I was also at last weekend’s LFCC event helping demo games for Esdevium on behalf of our friends from Dark Cleo Productions. While most of my morning was spent in Mexican standoffs in the excellent Ca$h ‘n Guns, I also squeezed in some mighty fine Sheriff of Nottingham-ing (which is every bit as fun as Allan alludes to above), played some rootin’ tootin’ good Old West train robbin’ shootin’ in Colt Express and saved the world from deadly diseases in Pandemic. Despite having enjoyed playing Pandemic before, I had never actually been successful in winning the game, which did add to the enjoyment of curing a global crisis even further – as did coming up with comedy names for the diseases we were battling against. Explosive diarrhoea nearly got the better of us but everything was made easier by us completely wiping out Jeffalism very early on in our campaign.


More recently I also had a quick chance to play a few games using the new Marvel Dice Masters: Age of Ultron starter sets ahead of its release last week, which Alex wrote about in more detail here. You can also join us for a Tabletop Tuesday Age of Ultron special this week with prizes of Marvel Dice Master starter sets and more to be won.

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  1. I have to say that Specter Ops’ mechanic of keeping the agent absent from the board while he’s not in line of sight was a deeply compelling and enjoyable experience. It could be said that the presence of the traitor slowed things down considerably, but I believe that adds an excellent new twist to the way the players control their characters: in addition to sniffing out the agent, they must also work with each other to expose the traitor, a logic exercise which is fully supported by the rules.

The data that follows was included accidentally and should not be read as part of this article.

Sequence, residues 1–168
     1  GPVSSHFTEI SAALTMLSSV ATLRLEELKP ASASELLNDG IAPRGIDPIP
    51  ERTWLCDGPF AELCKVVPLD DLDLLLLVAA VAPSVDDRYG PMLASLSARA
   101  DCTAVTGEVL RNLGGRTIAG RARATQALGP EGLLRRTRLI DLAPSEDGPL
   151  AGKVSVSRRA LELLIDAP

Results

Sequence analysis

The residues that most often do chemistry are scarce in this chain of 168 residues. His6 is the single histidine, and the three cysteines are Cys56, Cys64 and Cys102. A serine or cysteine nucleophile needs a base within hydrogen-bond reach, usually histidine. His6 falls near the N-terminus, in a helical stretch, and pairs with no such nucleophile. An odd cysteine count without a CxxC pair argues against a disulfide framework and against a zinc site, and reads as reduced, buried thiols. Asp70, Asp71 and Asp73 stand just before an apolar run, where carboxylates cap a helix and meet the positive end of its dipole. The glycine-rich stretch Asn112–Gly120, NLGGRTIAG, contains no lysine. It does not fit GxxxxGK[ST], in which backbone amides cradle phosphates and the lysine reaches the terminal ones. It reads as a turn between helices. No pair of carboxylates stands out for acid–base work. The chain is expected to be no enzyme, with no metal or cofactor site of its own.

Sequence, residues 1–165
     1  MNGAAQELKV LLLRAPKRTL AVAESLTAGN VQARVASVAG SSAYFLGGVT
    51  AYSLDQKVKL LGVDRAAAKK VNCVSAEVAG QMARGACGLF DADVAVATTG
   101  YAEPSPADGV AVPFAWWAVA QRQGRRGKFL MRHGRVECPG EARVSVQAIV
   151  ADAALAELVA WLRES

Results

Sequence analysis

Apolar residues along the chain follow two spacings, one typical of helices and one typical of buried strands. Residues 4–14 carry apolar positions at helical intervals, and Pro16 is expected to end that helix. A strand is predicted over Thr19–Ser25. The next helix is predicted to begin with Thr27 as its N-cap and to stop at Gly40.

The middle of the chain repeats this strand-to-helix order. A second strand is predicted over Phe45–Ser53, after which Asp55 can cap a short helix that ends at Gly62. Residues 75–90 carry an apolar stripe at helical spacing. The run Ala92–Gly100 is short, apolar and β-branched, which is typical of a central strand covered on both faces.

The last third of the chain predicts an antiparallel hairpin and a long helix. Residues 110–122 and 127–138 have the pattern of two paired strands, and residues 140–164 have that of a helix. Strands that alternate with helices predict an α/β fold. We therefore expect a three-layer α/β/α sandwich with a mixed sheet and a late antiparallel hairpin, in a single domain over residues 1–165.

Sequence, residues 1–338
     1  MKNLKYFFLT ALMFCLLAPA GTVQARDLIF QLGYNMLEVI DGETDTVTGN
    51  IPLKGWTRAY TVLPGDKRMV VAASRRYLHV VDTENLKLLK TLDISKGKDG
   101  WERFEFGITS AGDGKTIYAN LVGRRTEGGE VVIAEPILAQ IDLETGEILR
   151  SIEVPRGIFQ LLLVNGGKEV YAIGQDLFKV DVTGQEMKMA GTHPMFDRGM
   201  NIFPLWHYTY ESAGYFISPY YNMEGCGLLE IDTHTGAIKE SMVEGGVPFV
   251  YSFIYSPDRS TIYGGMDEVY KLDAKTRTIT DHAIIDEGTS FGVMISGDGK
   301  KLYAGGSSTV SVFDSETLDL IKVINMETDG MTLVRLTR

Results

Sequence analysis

Had a blast playing this with Tim – will definitely be buying this for the family come payday!!

  2. Michael Barclay

    I think the traitor idea is great in theory but it can be a bit boring if you are the traitor. Many games have similar, hidden role traitor mechanics but they usually provide the traitor with ample opportunity to sabotage the rest of the team. In Spectre Ops I was definitely sabotaging the efforts of the remaining hunters but I was doing it without really knowing I was. It removes the fun of being a traitor and any player agency.

    Everyone else in my group really enjoyed the game and I was the only person who had a negative experience. Overall I liked it but I’m a little unsure what I think about the traitor mechanic in this game.